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Dignity at the end of Life

By sarahtgg Apr 22, 2014 1496 Words
Dignity at the End of Life
Without implying what ethnicity or religious believes we come from, we would all agree that it “is a profound truth that life is a gift, and receiving it is our task.” Living it with prosperity, generosity, honor and integrity goes hand in hand with it. Consequently, ending it with dignity should be a decision one should be able to make, though it should not be forced.

Euthanasia translates directly from Greek as “good death,” also known as “mercy killing” or “assisted suicide” it is the termination of life by a doctor at the request of a patient. This term has many misconception and taboos. One of the most proclaimed taboos is the so called “euthanasia for love.” In March of 2011; a Belgian couple was euthanized, at their request. The men was 83-years-old and diagnosed with terminal prostate cancer, his wife 78- year-old, who suffered from severe rheumatism, although she was not terminally ill, did not want to live without her husband. Nine years after euthanasia was legalized, it started to show major faults as the case above, and it is now strictly practiced under severe conditions in the states that euthanasia is legal. One of the conditions is that “the request must be made by an adult of sound mind, and the patient must have an incurable disease that causes unbearable suffering” as Mr. Boomsma states in his national review.

One more lamentable misconception of euthanasia is that from being an option taken for only the most exceptional cases and under strict regulations now it is being presented as a human right. Patients no longer request euthanasia, but demand it as their right, concluding their request “out of fear” because of unbearable pain. (Western Suttee: Against a ‘Right’ To Be Killed)

Euthanasia should be suggested strictly to those patients who are severely ill with incurable diseases and have no chance of improvement, such as patients who suffer from Sarcoidosis. This disease is of an unknown cause that leads to inflammation, which affects your body’s organs. In people who have sarcoidosis, the inflammation doesn't go away. Instead, some of the immune system cells cluster to form lumps called granulomas in various organs in your body. Sarcoidosis can affect any organ in your body. However, it's more likely to affect some organs more than others. The disease usually starts in the lungs, skin, lymph nodes, and eyes, also affecting the liver, the heart and brain, leading to serious complications. If many granulomas form in an organ, they can affect how the organ works, such as brain complications, enlargement of the lymph node in your neck and chest causing you problems to breathe, heart complications, liver enlargement, inflamed lumps in lungs etc. Signs and symptoms vary depending on which organs are affected. Generalized symptoms for many people, sarcoidosis begins with the following signs and symptoms: fatigue, fever, swollen lymph nodes, and weight loss. Almost everyone who has sarcoidosis eventually experiences lung problems, which may include: Persistent dry cough, hortness of breath, wheezing, and chest pain. Up to 25 percent of the individuals who have sarcoidosis develop skin problems, which may include: Rash. A rash of red or reddish-purple bumps, most commonly located on the shins or ankles, may be warm and tender to the touch. Lesions, disfiguring skin sores may occur on your nose, cheeks and ears. Color change, areas of skin may get darker or lighter in color. Nodules, growths just under the skin may develop, particularly around scars or tattoos.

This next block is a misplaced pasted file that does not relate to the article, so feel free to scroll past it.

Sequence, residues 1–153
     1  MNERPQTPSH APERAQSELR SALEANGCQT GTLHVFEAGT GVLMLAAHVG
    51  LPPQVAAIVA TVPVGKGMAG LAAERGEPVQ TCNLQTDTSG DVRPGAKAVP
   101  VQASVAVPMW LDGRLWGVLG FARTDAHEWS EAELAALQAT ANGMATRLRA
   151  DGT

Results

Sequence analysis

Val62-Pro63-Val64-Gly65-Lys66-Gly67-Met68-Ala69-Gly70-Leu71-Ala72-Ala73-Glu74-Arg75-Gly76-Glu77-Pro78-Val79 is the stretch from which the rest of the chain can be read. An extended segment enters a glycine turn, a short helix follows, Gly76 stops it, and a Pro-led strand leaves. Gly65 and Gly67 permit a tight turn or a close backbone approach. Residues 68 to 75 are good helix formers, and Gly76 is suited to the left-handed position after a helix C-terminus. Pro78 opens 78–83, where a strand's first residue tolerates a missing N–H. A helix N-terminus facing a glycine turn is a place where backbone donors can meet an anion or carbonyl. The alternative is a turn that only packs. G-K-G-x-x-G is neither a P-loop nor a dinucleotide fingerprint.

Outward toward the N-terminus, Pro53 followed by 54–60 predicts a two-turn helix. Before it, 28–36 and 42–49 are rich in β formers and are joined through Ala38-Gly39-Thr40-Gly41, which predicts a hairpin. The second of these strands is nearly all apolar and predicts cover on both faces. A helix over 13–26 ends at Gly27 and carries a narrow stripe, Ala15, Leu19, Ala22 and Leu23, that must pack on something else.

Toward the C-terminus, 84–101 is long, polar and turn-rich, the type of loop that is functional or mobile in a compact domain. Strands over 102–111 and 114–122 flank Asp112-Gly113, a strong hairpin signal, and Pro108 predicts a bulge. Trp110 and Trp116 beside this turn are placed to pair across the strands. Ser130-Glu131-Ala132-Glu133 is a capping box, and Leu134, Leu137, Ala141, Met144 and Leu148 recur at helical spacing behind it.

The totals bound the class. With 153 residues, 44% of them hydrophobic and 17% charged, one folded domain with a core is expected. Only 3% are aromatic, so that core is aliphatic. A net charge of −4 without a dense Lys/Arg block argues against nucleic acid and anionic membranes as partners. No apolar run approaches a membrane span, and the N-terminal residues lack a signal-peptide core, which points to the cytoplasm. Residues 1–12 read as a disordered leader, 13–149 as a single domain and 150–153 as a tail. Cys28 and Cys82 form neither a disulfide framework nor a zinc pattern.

Another disease for which euthanasia should be accessible is for those who suffer from Duchenne muscular dystrophy (DMD). This is a recessive X-linked form of muscular dystrophy, which results in muscle degeneration, difficulty walking, breathing, and death. The disorder is caused by a mutation in the dystrophin gene, located in humans on the X chromosome. The dystrophin gene codes for the protein dystrophin, an important structural component within muscle tissue. Dystrophin provides structural stability to the dystroglycan complex (DGC), located on the cell membrane.

Terminal Cancer, with no doubt, should be another reason for euthanasia. When the patient has terminal cancer, it means the body has giving in to cancer and no medical treatment can stop or reverse the development of cancerous cells. Further treatment may involve more aggressive forms of chemotherapy and radiation. Surgery is likely an option not acceptable to doctors at this stage if it could cause more harm than good.